June is African American Music Appreciation Month, so this week settle back and check out these books about great African American musicians, all available at Danville Public Library.
Day by Day with Beyonce by Tammy Gagne
Traces the life, career, and charity work of the popular singer, from her early career as a member of the group Destiny’s Child to her success as a solo artist, songwriter, and actress.
Hendrix on Hendrix: Interviews and Encounters with Jimi Hendrix edited by Steven Roby
In addition to interviews from major mainstream publications, “Hendrix on Hendrix” includes new transcriptions from European papers, the African-American press, and counterculture newspapers; radio and television interviews; and previously unpublished court transcripts — including one of the drug bust that nearly sent him to prison.Though many respected books have been written about Hendrix, none have completely focused on his own words. This book is as close to a Hendrix autobiography as we will ever see.– Publisher Description.
Original Gangstas: The Untold Story of Dr. Dre, Eazy-E, Ice Cube, Tupac Shakur, and the Birth of West Coast Rap by Ben Westhoff
A revealing narrative history about the legendary group of artists at the forefront of West Coast hip-hop: Eazy-E, Dr. Dre, Ice Cube, Snoop Dogg, and Tupac Shakur.
Glow: The Autobiography of Rick James by Rick James with David Ritz
“Best known for his song “Super Freak,” hitmaker, singer, innovator, producer, award-winning pioneer in the fusion of funk groove and rock, the late Rick James collaborated with music biographer David Ritz in this posthumously published, wildly entertaining, and profound expression of a rock star’s life and soul. He was the nephew of Temptations singer Melvin Franklin; a boy who watched and listened, mesmerized from underneath cocktail tables at the shows of Etta James and Miles Davis. He was a vagrant hippie who wandered to Toronto, where he ended up playing with Neil Young and Joni Mitchell, and he became a household name in the 1980s with his hit song “Super Freak.” Later in life, he was a bad boy who got caught up in drug smuggling and ended up in prison. But since his passing in August 2004, Rick James has remained a legendary icon whose name is nearly synonymous with funk music–and who popularized the genre, creating a lasting influence on pop artists from Prince to Jay–Z to Snoop Dogg, among countless others. In Glow, Rick James and acclaimed music biographer David Ritz collaborated to write a no-holds-barred memoir about the boy and the man who became a music superstar in America’s disco age. It tells of James’s upbringing and how his mother introduced him to musical geniuses of the time. And it reveals details on many universally revered artists, from Marvin Gaye and Prince to Nash, Teena Marie, and Berry Gordy. James himself said, “My journey has taken me through hell and back. It’s all in my music–the parties, the pain, the oversized ego, the insane obsessions.” But despite his bad boy behavior, James was a tremendous talent and a unique, unforgettable human being. His “glow” was an overriding quality that one of his mentors saw in him–and one that will stay with this legendary figure who left an indelible mark on American popular music”– Provided by publisher.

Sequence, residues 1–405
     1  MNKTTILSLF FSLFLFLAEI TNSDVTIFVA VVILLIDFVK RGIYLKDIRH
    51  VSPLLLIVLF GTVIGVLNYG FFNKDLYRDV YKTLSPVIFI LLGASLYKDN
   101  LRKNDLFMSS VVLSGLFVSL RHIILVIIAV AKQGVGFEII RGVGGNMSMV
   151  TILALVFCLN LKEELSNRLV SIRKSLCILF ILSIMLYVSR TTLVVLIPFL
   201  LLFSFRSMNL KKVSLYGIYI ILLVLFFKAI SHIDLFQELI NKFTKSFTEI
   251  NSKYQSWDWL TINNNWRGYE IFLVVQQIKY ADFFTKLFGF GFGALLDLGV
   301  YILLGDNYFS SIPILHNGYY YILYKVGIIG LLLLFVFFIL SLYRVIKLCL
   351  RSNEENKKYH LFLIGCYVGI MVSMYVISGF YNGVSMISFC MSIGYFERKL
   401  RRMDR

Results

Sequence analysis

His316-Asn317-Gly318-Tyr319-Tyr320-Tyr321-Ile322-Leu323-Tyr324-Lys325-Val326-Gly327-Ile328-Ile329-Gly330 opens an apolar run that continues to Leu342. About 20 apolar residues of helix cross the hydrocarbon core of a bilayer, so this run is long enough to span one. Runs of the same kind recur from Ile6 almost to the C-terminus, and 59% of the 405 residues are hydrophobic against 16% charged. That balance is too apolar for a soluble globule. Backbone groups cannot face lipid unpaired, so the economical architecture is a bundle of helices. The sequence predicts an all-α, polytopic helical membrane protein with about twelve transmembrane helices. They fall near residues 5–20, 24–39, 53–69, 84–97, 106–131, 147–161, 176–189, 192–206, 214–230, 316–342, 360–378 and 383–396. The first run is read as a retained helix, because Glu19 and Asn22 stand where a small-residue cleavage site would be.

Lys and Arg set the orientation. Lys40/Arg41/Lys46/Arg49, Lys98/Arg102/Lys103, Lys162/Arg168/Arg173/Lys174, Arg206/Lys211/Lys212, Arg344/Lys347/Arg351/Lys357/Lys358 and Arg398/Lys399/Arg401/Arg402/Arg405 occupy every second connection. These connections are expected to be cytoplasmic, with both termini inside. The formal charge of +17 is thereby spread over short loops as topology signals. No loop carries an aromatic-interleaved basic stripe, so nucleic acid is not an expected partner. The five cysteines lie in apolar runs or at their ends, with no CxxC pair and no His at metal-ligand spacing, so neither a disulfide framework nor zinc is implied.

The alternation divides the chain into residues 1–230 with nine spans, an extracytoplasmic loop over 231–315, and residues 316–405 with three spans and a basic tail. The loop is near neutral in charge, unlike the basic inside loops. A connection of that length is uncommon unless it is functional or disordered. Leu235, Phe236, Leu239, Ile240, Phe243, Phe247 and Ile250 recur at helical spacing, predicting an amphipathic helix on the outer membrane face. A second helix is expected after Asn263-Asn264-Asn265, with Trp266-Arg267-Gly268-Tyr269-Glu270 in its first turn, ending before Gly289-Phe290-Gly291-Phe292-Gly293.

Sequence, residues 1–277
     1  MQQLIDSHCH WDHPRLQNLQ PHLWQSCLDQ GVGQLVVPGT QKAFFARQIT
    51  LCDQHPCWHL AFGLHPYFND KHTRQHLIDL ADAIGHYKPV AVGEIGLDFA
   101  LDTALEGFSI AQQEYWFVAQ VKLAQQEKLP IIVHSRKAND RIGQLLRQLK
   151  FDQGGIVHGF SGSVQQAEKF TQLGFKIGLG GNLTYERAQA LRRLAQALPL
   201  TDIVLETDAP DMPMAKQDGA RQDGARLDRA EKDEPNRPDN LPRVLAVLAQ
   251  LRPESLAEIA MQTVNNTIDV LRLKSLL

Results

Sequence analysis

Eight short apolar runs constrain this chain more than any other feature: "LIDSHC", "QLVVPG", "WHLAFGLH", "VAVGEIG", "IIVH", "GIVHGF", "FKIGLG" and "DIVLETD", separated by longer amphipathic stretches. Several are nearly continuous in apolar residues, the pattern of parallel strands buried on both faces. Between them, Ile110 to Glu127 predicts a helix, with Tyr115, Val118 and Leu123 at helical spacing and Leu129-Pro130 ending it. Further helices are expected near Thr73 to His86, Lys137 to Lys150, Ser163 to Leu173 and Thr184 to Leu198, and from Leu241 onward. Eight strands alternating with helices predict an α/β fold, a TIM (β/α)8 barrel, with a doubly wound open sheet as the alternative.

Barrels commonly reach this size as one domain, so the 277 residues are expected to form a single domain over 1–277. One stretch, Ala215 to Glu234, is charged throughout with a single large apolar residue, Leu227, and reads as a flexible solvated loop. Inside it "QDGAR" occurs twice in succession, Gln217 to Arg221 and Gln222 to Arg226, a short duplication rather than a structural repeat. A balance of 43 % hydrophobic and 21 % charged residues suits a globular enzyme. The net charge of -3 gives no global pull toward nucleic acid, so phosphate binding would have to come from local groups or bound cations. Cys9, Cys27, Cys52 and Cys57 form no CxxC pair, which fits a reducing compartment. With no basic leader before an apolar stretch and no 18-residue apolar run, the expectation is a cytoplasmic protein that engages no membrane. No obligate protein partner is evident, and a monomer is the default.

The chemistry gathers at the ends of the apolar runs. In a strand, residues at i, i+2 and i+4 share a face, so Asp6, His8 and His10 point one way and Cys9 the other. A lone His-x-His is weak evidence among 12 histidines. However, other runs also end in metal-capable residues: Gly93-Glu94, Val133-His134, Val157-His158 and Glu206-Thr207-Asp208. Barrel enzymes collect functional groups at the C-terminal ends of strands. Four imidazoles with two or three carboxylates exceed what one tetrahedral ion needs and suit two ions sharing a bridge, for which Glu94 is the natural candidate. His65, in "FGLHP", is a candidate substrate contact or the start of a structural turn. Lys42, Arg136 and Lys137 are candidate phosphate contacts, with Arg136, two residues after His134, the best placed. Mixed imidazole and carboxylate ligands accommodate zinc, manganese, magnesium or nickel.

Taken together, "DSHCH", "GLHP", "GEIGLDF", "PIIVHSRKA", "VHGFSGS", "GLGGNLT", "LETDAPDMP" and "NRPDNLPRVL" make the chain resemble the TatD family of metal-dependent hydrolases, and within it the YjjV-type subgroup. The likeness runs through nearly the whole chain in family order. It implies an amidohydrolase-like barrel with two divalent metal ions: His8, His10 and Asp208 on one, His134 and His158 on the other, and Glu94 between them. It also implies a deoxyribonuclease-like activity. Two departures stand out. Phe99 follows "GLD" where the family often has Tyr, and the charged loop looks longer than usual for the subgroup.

Scit-scat Raggedy Cat: Ella Fitzgerald written by Roxane Orgill, illustrated by Sean Qualls
Follows the beloved American jazz singer’s rise to fame, describing the difficult historical and cultural factors that she overcame.
Pops: A Life of Louis Armstrong by Terry Teachout
Louis Armstrong was the greatest jazz musician of the twentieth century and a giant of modern American culture. Offstage he was witty, introspective and unexpectedly complex, a beloved colleague with an explosive temper whose larger-than-life personality was tougher and more sharp-edged than his worshipping fans ever knew. Wall Street Journal arts columnist Terry Teachout has drawn on new sources unavailable to previous biographers, including hundreds of private recordings of backstage and after-hours conversations, to craft a sweeping new narrative biography of this towering figure that shares, for the first time, full, accurate versions of such storied events as Armstrong‘s quarrel with President Eisenhower and his decision to break up his big band.–From publisher description.
Failing Up: How to Take Risks, Aim Higher, and Never Stop Learning by Leslie Odom Jr.
Leslie Odom, Jr. burst on the scene in 2015, originating the role of Aaron Burr in the phenomenon Broadway musical “Hamilton.” Since then, he has performed for sold-out audiences, sang for the Obamas at the White House, and won a Tony Award for Best Leading Actor in a Musical.
Note: All book descriptions are from SHARE and all book covers are from Google Images.